Change doesn't mean an overhaul of everything in one go, nor does it mean ripping out and replacing existing software. It's much easier for organizations to model and build flexibility and efficiency within their existing infrastructure.
That said, it's also important to have visibility into what's going on across the whole business in real time and then adapt as needed.
Q. What are the biggest mistakes organizations make when going totally digital?
A. Customers' needs and wants should be a focal point of how you digitize your business. It almost goes without saying, but a successful digital transformation requires teamwork to deliver solutions that account for all internal and external partners.
Remember that technology is not the only enabler – people are an organization's most valuable asset, and digital technology is just the tooling they're provided to allow them to perform more effectively.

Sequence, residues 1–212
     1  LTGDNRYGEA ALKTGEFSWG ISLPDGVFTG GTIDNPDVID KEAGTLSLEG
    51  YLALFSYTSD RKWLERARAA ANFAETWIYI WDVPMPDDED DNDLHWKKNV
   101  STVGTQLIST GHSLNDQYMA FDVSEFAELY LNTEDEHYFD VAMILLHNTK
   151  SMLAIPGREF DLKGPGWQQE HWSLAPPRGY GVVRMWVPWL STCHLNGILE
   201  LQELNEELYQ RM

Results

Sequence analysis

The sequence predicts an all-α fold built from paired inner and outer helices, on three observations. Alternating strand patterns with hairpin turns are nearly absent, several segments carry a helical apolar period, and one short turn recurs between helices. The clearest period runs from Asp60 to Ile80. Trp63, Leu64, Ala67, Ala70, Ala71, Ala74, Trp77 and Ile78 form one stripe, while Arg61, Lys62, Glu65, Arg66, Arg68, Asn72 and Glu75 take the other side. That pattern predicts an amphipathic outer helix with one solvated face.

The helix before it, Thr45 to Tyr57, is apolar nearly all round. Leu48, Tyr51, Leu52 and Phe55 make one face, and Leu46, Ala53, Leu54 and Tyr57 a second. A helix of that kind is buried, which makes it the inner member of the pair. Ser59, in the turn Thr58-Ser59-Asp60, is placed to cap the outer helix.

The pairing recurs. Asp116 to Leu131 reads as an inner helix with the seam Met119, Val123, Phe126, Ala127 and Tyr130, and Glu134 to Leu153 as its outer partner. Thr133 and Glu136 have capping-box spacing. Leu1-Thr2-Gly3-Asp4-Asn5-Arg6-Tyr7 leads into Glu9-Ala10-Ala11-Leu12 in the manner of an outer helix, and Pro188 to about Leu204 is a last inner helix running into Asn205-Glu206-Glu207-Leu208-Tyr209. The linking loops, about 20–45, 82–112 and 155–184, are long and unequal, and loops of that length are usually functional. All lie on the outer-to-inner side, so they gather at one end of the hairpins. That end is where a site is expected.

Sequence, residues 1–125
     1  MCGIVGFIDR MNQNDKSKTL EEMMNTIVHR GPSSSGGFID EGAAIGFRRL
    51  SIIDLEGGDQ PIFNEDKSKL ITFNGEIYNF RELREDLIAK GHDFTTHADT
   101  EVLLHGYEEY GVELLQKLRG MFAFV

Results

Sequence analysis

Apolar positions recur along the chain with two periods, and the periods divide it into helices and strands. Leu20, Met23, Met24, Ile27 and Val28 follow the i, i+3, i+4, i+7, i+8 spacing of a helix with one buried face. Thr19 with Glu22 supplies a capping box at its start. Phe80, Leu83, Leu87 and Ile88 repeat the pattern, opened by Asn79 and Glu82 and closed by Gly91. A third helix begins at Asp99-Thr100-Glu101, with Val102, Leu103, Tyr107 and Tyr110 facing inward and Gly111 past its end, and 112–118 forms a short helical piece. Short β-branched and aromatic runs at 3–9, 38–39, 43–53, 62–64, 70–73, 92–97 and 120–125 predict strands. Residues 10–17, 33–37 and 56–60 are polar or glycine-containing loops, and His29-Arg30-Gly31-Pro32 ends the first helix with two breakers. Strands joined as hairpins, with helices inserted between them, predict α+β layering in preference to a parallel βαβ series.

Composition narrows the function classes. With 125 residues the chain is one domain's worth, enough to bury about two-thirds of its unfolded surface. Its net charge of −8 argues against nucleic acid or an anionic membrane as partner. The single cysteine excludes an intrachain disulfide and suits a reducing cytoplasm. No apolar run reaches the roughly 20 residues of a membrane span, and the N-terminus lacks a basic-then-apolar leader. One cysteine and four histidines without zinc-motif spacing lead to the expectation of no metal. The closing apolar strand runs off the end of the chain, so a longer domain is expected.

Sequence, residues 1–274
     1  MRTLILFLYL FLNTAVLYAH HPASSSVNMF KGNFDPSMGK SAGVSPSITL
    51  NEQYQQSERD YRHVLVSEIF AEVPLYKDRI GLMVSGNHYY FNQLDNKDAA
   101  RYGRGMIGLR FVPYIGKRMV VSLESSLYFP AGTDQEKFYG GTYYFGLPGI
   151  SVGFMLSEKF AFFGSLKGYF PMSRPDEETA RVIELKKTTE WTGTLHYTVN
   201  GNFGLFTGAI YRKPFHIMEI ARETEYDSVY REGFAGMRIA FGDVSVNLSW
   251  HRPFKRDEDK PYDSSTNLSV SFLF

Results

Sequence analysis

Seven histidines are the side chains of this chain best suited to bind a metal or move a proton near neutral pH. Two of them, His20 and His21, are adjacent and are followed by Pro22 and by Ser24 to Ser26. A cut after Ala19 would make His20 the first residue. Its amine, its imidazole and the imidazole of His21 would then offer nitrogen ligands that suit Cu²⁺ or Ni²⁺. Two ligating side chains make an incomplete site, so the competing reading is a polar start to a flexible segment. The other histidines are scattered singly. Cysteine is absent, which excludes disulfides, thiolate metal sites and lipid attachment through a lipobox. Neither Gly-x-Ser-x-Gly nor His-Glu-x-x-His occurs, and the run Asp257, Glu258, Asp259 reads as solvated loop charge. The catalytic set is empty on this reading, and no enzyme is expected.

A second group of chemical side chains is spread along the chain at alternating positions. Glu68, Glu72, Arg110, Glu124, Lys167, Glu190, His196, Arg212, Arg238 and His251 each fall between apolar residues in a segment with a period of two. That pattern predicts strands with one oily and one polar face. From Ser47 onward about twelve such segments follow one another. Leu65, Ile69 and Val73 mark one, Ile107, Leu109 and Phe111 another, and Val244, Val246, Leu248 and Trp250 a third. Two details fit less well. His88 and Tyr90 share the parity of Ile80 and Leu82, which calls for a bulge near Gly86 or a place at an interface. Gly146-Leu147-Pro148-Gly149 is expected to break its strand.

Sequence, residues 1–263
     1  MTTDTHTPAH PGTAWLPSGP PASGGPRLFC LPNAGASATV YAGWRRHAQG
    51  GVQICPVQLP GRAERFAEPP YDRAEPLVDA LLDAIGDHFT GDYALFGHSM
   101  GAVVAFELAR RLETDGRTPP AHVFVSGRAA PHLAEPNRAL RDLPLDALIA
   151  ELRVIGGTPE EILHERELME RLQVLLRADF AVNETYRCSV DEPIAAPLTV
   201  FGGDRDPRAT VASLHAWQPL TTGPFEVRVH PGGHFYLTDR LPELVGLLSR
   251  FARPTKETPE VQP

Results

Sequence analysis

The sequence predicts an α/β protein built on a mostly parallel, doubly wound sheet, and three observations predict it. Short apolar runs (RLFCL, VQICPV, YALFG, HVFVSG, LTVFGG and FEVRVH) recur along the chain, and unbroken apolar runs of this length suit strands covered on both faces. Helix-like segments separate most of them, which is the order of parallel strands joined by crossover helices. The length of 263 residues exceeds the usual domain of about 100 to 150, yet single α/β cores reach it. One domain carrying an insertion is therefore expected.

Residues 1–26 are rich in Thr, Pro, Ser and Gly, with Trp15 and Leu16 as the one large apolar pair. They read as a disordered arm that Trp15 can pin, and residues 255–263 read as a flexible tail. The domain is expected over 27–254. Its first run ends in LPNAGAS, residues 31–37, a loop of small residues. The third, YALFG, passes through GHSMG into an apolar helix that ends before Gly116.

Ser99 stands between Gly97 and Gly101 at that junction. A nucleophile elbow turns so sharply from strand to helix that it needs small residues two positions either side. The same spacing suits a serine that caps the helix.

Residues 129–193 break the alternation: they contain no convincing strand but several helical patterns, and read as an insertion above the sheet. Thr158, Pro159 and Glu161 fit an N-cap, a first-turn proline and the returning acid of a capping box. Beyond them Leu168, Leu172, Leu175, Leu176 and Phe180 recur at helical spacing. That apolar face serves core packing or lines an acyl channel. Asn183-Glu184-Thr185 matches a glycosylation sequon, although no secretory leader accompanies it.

For a company to capitalize on digital transformation, its employees need be empowered, and any implementation must also be accompanied by direct engagement of important stakeholders along the journey.
Q. Are there certain types of businesses that going paperless is more suited for? Or can it be used by businesses in every industry?
We're in the midst of a business revolution, as seen by the birth of the chief digital officer. The ways we communicate, organize, watch, learn, bank and shop have changed drastically. In 10 years we went from basic mobile phones to carrying supercomputers in our pockets – from internet cafes to ubiquitous connectivity. Digital transformation is no longer an option – it's a necessity for all businesses.
Companies must deliver a new way of thinking about their core businesses – one that starts with driving digital change into their business' DNA. Only this will enable them to deliver the experiences and outcomes their customers are looking for, plus it can propel them from selling products to keeping brand promises.